The kidnapping of almost 300 Nigerian schoolgirls has caused outrage across the world, and thousands of websites have articles about this event. The articles are illustrated by photos of the girls, or of girls anyway, and it is the use of these photos that I want to address today.
If you do a search on the story you find many many photos, and many different stories. But the truth about these photos is that many of them are not photos of the girls in this school. Now we might say oh yes the photos are just to make the post look nice, for effect, an African school child crying to help the cause. But I think we should go further than this, they are real people and they are being exploited, it is misrepresentation.
If we start with this article from the New York Times we read an interview with a photographer who took some of the pictures that have “gone viral” in the publicity surrounding the Nigeria girls. The photographs were used for the Bring Back our Girls twitter campaign, and I am not for any moment suggesting that the campaign has anything but good motives, but the people in the photos have nothing to do with the school, the girls or even Nigeria.
The girls live in Guinea-Bissau, which is like using a school girl from London to show the degradation of inner city Milan. It is misrepresentation. These girls have families and lives of their own, suddenly they represent the horror of kidnapping and possibly slavery or forced marriage, how would you like it if it was your daughter or sister (or mum, the photos could be old)?
And also the misrepresentation goes further. The author of the images did not want to show these horrors, she wanted to show the beauty of the child, or many other aspects of the composition. She finds her photo used to depict something that it was never meant to be, and with the possible addition of a few ‘photoshopped’ tears anything is possible.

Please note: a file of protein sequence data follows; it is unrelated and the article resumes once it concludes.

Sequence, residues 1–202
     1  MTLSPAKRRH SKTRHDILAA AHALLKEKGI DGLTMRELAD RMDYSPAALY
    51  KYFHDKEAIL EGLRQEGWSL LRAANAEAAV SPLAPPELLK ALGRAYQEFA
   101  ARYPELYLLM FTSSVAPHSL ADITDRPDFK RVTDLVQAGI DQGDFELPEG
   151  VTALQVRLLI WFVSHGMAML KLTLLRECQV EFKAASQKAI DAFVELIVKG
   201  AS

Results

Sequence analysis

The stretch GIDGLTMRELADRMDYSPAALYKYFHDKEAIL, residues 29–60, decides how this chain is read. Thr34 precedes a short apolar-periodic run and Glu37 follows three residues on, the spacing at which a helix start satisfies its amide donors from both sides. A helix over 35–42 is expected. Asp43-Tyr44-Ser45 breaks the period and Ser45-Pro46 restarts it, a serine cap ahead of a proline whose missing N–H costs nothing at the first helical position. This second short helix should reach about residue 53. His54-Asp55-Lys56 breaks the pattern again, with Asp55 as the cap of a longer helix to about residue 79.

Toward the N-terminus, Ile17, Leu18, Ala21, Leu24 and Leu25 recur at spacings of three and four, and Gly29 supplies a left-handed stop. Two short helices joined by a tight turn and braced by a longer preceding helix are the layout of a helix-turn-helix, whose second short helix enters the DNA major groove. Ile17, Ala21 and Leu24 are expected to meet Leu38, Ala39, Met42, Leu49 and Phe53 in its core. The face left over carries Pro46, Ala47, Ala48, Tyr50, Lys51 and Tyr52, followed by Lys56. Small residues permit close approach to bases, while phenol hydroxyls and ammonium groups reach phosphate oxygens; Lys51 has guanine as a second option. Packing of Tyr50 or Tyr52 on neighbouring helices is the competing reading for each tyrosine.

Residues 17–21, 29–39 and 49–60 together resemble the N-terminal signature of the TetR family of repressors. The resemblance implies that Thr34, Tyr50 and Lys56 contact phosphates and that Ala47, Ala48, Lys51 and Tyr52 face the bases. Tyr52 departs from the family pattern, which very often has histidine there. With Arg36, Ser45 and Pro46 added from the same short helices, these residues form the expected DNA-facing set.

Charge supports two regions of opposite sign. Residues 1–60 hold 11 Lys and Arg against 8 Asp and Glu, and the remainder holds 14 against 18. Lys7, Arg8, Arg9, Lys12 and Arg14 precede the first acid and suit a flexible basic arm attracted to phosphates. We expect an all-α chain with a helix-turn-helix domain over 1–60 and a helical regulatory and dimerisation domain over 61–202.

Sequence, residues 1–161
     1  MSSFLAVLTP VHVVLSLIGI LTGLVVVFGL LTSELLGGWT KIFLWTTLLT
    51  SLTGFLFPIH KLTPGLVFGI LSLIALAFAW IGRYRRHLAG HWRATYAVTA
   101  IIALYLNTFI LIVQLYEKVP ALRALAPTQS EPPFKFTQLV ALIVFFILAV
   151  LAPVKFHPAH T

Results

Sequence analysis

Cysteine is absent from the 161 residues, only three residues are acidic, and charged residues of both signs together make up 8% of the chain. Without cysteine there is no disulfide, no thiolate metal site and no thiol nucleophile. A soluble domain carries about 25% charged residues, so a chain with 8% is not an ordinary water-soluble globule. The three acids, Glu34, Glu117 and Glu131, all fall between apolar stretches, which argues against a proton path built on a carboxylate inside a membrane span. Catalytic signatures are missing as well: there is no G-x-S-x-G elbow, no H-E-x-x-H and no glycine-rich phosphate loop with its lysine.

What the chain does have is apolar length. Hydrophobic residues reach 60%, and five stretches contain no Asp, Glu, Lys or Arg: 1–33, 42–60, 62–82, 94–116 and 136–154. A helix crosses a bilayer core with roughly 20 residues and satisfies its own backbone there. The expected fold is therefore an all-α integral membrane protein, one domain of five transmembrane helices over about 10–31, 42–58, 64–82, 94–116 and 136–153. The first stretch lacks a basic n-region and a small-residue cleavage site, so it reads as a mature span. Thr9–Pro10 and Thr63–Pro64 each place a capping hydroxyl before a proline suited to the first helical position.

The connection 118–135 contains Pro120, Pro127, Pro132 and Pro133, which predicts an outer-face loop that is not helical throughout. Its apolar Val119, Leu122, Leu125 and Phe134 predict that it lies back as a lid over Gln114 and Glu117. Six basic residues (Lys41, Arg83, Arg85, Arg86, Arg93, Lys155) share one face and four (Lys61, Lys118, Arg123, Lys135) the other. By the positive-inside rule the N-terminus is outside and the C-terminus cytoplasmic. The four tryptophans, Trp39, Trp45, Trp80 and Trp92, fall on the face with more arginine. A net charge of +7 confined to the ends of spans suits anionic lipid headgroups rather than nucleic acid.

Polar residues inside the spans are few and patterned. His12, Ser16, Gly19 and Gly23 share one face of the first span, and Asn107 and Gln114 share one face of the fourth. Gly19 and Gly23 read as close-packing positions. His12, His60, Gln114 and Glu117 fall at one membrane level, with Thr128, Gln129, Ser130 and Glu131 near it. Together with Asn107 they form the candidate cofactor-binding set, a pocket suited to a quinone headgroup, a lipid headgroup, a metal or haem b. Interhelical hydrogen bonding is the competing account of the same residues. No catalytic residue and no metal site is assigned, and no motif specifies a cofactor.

If we go to the Facebook page of the same organization we find a series of schoolgirl photos, but they are all very different. In one we see a group of girls in Muslim dress in a poor rural school, but in the next we see a well cared for classroom with a shelf full of DVD’s Christmas decorations and girls dressed in school uniforms. Which one really represents the realities that these girls live in?
If we go to this Nigerian site we see another group of once again differently dressed girls and women in a much less rural setting that that depicted in the only photo from the Facebook page that contains any information at all, a photo of the school sign that the girls were taken from. My understanding of this area of Nigeria leads me to assume that this is a completely false depiction too, just another group of girls (possibly) walking to school somewhere (maybe) in Nigeria.
And I don’t want to go on but the list is endless, hundreds of photos of African schoolgirls.
Now I don’t want to come across as too critical here, I am a blogger and writer myself as you know and I put images into my stories. I am sure NASA would not be too pleased if some jumped up blogger was using on of their images to demonstrate the problem of space junk, but is that the same as using photos of real people doing things that really are not related to the story in question, particularly when the story is as terrible as this one? I am sure that all of the people that have written these stories have done so for the right reasons, we all want to get the girls back, and the Internet is our means, but we must try not to do it at the expense of falsely depicting others.
I have another post here you might like to read about mistaken identity through the circulation of a photo via digital media, the story contains many similarities.
2 thoughts on “Bring The Girls Back”